University Of Tasmania
142930 - Optimizing mooring placement to constrain southern ocean air-sea fluxes.pdf (23.46 MB)
Download file

Optimizing mooring placement to constrain southern ocean air-sea fluxes

Download (23.46 MB)
journal contribution
posted on 2023-05-20, 21:14 authored by Wei, Y, Gille, ST, Mazloff, MR, Tamsitt, V, Swart, S, Chen, D, Newman, L

Proposals from multiple nations to deploy air–sea flux moorings in the Southern Ocean have raised the question of how to optimize the placement of these moorings in order to maximize their utility, both as contributors to the network of observations assimilated in numerical weather prediction and also as a means to study a broad range of processes driving air–sea fluxes. This study, developed as a contribution to the Southern Ocean Observing System (SOOS), proposes criteria that can be used to determine mooring siting to obtain best estimates of net air–sea heat flux (Qnet). Flux moorings are envisioned as one component of a multiplatform observing system, providing valuable in situ point time series measurements to be used alongside satellite data and observations from autonomous platforms and ships. Assimilating models (e.g., numerical weather prediction and reanalysis products) then offer the ability to synthesize the observing system and map properties between observations. This paper develops a framework for designing mooring array configurations to maximize the independence and utility of observations. As a test case, within the meridional band from 35° to 65°S we select eight mooring sites optimized to explain the largest fraction of the total variance (and thus to ensure the least variance of residual components) in the area south of 20°S. Results yield different optimal mooring sites for low-frequency interannual heat fluxes compared with higher-frequency subseasonal fluxes. With eight moorings, we could explain a maximum of 24.6% of high-frequency Qnet variability or 44.7% of low-frequency Qnet variability.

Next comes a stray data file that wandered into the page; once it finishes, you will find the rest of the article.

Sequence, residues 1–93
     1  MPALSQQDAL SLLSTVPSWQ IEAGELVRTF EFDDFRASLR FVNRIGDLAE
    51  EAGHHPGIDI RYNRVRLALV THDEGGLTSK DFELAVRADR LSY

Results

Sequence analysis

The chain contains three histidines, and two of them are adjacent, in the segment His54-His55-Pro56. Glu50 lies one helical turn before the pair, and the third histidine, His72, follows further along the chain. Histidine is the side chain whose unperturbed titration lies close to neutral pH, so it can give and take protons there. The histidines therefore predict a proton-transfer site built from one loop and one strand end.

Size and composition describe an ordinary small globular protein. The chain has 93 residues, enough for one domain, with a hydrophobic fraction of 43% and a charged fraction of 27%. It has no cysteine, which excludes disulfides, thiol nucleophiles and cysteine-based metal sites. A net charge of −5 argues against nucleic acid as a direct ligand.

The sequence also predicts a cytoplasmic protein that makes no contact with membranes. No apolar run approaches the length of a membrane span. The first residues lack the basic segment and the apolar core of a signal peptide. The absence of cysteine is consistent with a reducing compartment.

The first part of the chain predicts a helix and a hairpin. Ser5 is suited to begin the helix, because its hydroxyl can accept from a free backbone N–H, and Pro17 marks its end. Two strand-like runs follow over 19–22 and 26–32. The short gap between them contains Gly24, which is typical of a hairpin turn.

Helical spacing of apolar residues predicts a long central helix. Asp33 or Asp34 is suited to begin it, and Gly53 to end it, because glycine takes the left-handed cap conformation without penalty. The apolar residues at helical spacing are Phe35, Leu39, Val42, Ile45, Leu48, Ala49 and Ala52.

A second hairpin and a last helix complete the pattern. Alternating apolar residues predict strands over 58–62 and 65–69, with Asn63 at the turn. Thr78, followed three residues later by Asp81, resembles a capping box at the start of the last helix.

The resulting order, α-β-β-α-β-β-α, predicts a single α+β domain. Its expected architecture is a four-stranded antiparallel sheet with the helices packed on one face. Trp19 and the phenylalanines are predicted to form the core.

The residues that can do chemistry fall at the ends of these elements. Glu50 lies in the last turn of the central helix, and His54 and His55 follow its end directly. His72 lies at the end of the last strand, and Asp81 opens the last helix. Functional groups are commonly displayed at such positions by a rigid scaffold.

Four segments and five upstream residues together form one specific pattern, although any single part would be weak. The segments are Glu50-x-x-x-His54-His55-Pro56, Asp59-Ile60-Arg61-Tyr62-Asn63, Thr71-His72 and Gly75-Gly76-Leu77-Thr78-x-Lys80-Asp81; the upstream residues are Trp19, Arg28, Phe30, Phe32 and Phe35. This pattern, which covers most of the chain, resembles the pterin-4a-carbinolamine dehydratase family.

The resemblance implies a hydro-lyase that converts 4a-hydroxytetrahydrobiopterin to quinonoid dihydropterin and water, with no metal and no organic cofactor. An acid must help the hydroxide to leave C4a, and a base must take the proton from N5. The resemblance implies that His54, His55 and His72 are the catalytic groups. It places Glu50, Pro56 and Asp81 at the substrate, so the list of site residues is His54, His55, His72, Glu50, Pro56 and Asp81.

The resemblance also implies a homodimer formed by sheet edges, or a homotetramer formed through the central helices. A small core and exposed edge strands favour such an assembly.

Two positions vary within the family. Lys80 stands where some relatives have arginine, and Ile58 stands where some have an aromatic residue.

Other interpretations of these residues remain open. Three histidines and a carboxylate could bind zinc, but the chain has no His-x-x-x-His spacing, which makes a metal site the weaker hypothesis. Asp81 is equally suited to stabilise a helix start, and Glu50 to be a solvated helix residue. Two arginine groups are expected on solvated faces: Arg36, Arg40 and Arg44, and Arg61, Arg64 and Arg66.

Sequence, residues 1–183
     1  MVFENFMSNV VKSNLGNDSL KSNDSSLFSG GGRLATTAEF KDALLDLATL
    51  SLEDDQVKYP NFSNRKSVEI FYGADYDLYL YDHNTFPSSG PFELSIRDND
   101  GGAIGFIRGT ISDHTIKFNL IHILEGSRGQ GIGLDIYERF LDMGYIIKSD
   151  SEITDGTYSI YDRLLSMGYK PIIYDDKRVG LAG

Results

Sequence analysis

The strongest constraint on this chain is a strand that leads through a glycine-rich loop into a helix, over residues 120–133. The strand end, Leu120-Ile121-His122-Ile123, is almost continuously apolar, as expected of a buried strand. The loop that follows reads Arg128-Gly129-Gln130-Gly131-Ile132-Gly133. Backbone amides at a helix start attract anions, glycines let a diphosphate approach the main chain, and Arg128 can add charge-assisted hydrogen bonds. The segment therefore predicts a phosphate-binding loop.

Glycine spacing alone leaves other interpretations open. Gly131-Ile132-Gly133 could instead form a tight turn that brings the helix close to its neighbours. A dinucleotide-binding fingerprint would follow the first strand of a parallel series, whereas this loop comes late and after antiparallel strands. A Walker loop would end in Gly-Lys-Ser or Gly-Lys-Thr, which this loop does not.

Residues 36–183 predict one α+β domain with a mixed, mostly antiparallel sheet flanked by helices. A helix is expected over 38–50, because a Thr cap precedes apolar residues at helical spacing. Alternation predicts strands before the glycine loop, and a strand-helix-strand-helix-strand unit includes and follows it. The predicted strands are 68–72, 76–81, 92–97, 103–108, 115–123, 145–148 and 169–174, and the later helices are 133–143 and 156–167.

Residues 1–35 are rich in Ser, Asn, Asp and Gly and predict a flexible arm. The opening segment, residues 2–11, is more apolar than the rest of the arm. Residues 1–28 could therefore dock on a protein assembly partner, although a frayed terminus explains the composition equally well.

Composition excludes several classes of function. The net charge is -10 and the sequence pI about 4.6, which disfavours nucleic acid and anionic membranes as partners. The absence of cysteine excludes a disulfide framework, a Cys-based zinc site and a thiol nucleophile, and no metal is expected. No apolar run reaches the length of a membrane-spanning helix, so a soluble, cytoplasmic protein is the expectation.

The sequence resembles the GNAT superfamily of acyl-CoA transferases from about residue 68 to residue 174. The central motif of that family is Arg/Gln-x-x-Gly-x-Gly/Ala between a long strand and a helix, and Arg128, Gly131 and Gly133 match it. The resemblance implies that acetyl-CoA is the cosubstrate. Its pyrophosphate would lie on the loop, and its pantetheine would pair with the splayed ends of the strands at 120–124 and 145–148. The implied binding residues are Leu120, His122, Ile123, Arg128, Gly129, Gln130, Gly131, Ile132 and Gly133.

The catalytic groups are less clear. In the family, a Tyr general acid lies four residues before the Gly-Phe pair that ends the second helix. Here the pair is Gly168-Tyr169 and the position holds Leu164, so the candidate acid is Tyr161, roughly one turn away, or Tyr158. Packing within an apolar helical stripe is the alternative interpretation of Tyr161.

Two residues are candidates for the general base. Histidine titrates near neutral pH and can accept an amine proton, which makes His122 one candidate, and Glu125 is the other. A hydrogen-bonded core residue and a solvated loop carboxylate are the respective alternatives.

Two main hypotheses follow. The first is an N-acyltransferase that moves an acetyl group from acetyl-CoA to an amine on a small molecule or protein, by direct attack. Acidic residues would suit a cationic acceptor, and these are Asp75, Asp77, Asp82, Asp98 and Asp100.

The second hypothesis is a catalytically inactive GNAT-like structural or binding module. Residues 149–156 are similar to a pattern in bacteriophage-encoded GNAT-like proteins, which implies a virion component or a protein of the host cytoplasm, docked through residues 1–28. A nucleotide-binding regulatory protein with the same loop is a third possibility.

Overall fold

Publication title

Journal of Atmospheric and Oceanic Technology










Institute for Marine and Antarctic Studies


Amer Meteorological Soc

Place of publication

45 Beacon St, Boston, USA, Ma, 02108-3693

Rights statement

Copyright 2020 American Meteorological Society. Licensed under Creative Commons Attribution 4.0 International (CC BY 4.0)

Repository Status

  • Open

Socio-economic Objectives

Antarctic and Southern Ocean oceanic processes

Usage metrics

    University Of Tasmania